Wandering Thoughts archives


Sometimes brute force is the answer (on Unix)

Suppose that you want to extract all of the IP addresses used by your (OpenBSD) firewall's PF rules, so that you can (for example) validate that all of the internal addresses mentioned still exist.

(For the purposes of this exercise we can ignore IP addresses in PF tables, because those are already easy to dump. Also, I am ignoring IP address ranges, netblocks, and so on; I am just interested in specific IP addresses.)

If you think that parsing PF's pf.conf file yourself is the answer to this problem, you have two problems (to riff from a famous remark). That way lies rewriting PF's rule parser yourself, and the language is not a simple one. You could parse the output of 'pfctl -s rules', which dumps the post-parsed rules in a simplified, expanded form that looks like, for example:

pass in quick on em1 inet proto tcp from any to IP port = smtp

But with this approach you'd still be writing a parser, and there are a fair number of cases for it to cover.

And then there's brute force in the finest Unix traditions:

pftctl -s rules | tr ' ' '\012' | grep '^[0-9]*\.[0-9]*\.[0-9]*\.[0-9]*$' | sort -u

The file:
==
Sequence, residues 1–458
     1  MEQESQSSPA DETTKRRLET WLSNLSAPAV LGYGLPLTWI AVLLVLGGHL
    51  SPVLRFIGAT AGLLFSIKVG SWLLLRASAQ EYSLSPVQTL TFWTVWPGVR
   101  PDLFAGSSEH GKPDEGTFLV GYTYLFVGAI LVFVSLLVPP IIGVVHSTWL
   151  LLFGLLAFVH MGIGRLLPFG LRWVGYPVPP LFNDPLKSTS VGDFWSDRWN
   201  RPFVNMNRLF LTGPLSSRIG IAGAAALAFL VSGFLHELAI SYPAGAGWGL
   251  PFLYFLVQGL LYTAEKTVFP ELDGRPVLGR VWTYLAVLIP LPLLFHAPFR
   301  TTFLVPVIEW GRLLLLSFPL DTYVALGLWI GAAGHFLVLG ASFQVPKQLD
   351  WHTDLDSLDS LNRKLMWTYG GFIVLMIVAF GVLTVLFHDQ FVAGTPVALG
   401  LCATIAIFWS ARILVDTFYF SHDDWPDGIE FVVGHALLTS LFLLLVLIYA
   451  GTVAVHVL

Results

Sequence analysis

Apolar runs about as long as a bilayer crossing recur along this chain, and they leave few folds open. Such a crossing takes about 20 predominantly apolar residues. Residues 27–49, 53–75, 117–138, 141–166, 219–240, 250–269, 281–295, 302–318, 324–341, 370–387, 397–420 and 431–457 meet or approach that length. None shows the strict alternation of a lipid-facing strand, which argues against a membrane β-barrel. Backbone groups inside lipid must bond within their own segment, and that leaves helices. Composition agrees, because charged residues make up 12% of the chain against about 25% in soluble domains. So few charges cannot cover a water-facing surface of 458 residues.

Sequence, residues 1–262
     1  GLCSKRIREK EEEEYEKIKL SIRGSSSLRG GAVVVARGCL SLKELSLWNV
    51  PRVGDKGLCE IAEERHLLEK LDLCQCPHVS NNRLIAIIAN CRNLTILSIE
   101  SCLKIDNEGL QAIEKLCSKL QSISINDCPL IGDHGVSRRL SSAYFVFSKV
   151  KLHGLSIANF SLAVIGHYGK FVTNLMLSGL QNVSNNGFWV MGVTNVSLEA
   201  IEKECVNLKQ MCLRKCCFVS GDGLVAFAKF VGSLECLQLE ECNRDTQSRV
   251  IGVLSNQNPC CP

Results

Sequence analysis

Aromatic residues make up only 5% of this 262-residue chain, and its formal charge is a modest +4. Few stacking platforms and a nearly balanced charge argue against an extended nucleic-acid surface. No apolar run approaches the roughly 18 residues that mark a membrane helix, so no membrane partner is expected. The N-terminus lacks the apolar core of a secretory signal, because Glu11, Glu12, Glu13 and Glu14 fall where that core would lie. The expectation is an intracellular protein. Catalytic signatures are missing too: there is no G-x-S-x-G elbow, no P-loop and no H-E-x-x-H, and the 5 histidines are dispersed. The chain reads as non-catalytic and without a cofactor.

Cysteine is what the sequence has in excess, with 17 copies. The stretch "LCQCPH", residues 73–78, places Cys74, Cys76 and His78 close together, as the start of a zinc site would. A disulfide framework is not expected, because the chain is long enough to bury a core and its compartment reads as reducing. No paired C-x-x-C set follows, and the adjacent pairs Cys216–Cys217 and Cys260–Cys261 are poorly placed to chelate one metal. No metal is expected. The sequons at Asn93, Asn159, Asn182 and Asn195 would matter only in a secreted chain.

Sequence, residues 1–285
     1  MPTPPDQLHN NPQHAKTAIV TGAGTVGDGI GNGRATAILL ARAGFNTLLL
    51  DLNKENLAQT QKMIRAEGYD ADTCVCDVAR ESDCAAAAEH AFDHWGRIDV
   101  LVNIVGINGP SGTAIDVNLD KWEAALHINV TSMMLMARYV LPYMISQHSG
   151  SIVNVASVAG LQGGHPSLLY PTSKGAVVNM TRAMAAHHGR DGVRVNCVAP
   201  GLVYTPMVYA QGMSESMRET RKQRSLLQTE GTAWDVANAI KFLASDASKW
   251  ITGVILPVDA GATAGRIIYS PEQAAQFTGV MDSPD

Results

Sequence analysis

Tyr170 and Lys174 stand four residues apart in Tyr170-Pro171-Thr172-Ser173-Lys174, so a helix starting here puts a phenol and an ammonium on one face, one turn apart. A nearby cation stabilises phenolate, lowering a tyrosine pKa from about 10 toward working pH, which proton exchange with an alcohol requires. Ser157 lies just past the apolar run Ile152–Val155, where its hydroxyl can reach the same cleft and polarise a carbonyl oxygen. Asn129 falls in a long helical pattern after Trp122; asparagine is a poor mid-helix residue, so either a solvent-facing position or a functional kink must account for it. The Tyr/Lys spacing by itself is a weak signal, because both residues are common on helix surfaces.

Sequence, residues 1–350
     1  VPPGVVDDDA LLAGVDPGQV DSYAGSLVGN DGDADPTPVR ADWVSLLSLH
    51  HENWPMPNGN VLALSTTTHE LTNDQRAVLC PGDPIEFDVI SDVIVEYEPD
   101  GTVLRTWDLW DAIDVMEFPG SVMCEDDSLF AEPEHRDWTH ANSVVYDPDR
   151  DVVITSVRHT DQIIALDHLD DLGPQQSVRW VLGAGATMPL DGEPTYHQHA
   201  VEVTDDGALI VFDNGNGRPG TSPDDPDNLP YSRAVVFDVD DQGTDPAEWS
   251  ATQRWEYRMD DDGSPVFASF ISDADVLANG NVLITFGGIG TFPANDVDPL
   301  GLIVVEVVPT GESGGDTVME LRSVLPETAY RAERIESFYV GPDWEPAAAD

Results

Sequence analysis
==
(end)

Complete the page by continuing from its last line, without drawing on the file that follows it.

We list all the rules, turn spaces into newlines to give us one word per line, and discard all words that don't look like IP addresses (and then discard duplicates). That pfctl separates words for us makes this both possible and the easiest, simplest approach. It's probably also the most reliable, since it's counting on almost nothing in pfctl's output.

So: sometimes brute force really is the best answer.

Sidebar: sorting IP addresses into ascending order

Because I keep having to do this: assuming that you have regularly formed IP addresses (using all decimal digits), the incantation on a modern version of sort to get them into proper ascending order by IP address is:

sort -n -t . -k 1,1 -k 2,2 -k 3,3 -k 4,4

(As I keep forgetting, you have to explicitly tell sort that each sort key is only one field long. Otherwise it starts at field N and goes to the end of the line, which is not what we want.)

unix/IPsFromPFRules written at 01:00:14; Add Comment

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